Imperatrix Mundi: On Traditional Notion of Destiny pt. 2
Read/listen Part 1
The Preceding analysis has shown how an understanding of what we denote by the term ‘destiny’ requires the fulfillment of one specific condition: that the inner principles and, correspondingly, inner states have to be not only taken into account, but understood as preceding in power and influence those that are outer, i.e. corporeal, mechanical, etc.
This means that when we say, the world corresponds somehow to inner lives of human beings, this presupposes that the world itself has an inner sanctum from which everything that is outside it proceeds – and, in this sense, everything conceivable is in some way and to a certain extent outside it.
This inner sanctum, or intrinsic cause of all, is what we call Providence.
Immediately, one thing is of note: the inner state or inner cause is not meant in the psychical or psychological sense of one’s intentions, wishes, instincts and dreams but in the all encompassing meaning of the inner, or profound, dimension of every thing, including the human soul.
The traditional notion, therefore, sees Providence as having originally very little to do with human subjectivity – If we observe things in the greater context – and by virtue of this it is essentially the opposite of what is nowadays sometimes taken into consideration by SF writers and New Agers – spanning from the idea of time travel to reincarnation.
Most notably, the understanding of destiny and Providence as an unchangeable chain of extrinsic causes is the most one can find in terms of explanation and, as we have already seen, this notion is both utterly superficial and wrong.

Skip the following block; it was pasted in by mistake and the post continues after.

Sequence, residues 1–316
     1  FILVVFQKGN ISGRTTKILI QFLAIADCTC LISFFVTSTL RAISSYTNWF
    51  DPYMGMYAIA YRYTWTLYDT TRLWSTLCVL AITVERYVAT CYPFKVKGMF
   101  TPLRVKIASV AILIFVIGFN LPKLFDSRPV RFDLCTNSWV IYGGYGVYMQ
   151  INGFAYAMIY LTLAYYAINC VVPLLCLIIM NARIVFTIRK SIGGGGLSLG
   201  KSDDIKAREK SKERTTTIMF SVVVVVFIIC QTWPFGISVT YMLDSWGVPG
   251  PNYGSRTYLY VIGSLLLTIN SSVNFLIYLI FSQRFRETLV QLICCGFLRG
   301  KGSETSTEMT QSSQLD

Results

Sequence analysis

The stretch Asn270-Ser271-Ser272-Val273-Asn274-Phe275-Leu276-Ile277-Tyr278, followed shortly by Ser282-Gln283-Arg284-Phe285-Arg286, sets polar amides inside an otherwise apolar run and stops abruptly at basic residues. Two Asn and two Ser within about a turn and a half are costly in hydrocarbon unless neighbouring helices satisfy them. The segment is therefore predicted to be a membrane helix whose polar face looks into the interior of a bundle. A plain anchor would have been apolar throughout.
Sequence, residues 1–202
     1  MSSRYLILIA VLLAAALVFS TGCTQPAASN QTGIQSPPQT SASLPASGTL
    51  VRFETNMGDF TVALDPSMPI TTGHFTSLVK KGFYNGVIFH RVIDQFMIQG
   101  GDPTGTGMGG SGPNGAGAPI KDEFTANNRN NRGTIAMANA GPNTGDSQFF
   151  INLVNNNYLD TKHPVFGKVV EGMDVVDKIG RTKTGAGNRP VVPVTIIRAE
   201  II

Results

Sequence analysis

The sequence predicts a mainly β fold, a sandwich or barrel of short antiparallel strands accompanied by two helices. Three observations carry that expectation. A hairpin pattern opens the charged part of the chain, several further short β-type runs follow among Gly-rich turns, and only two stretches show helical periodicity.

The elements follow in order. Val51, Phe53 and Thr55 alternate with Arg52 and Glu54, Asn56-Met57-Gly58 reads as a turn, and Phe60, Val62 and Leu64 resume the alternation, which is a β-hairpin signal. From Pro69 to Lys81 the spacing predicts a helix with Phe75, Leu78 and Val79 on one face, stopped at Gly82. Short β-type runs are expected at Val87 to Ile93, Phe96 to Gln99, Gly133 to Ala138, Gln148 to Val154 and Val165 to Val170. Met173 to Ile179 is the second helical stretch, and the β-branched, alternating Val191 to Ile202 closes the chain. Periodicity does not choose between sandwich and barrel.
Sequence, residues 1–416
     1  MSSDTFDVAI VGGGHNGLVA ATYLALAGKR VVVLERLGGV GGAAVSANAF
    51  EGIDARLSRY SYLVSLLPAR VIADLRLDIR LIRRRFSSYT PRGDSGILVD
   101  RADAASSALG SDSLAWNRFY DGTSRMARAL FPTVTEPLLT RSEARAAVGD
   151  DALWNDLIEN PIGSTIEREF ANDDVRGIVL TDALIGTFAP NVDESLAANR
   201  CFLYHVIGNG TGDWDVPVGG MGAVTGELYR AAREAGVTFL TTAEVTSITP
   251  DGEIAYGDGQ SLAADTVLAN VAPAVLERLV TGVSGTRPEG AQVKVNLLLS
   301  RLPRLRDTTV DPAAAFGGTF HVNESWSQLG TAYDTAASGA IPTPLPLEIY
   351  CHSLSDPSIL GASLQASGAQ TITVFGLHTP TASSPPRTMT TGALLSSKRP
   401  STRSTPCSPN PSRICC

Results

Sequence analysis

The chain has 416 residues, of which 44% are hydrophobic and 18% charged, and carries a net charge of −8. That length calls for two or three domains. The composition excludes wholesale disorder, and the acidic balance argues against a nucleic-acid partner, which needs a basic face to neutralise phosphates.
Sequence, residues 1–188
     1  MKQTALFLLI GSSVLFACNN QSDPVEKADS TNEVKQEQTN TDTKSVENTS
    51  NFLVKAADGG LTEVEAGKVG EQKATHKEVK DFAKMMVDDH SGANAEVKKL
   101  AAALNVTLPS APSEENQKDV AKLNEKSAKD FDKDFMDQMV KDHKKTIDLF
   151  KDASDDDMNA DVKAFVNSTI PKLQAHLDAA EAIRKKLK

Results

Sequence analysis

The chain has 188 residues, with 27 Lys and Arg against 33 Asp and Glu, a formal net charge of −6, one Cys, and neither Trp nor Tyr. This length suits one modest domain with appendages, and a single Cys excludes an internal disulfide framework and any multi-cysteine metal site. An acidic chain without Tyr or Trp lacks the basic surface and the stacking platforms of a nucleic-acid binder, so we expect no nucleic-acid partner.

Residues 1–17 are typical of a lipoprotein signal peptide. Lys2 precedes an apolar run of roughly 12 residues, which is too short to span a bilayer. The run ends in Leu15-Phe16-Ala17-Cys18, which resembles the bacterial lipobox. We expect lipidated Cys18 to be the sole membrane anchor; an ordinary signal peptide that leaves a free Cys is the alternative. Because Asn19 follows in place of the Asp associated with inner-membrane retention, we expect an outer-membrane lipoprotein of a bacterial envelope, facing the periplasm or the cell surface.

Namely, Providence cannot be understood from extrinsic, corporeal, causes, whether we understand those causes as mechanical movements of material particles or movements of the heavenly bodies – neither a contemporary physicist nor a Medieval astrologer could provide adequate depiction of the thing we are trying to explicate.
However, once we attempt to move to the higher – or, congenially speaking, deeper – dimension of this question, we are faced with a dilemma that must be resolved.
Namely, if we define Providence as God’s intention for the world taken in its entirety – from angelic intelligences to the mineral world – then we must once more consider the problem of fatalism.
The question is: if the Providence is the intrinsic cause of the variety of beings ordered in this world as a whole, how then can we consider those beings free?
Providence is the intention of God’s essential being, i.e. it is immutable and necessary.
Does this mean that it is impossible for anything to act in contradiction to it and altogether act freely, without the very choices being predetermined in the eternity of God’s act?
The key to answering this question – whereas partial ones are so often used as a basis for bad SF, sold as “deeply philosophical” – lies in the distinction that must be made between inner and outer, but also between direct and proximate causality.
Aquinas notes that Aristotle already addressed the problem in his Metaphysics:
“(…) the Philosopher shows in his Metaphysics that, if we assert that every effect has a direct cause we must necessarily grant its effect, it follows that all future events come about by necessity. For if each effect has a direct cause, then any future effect will be reducible to a present or past cause.
Thus if we ask whether a certain man is to be killed by robbers; and, in turn, another cause precedes this effect, namely the fact that he went out of his home; still another precedes this, that he wished to look for water; and a cause precedes this, namely, his thirst; and this was caused by the eating of salted foods; and this eating is going on now, or was done in the past. Therefore, if it be so, that, granted the cause, the effect must be granted, then, necessarily, if he eats salt foods, he must get thirsty; and if he leaves his home, the robbers must encounter him; and if they encounter him, he must be killed by robbers.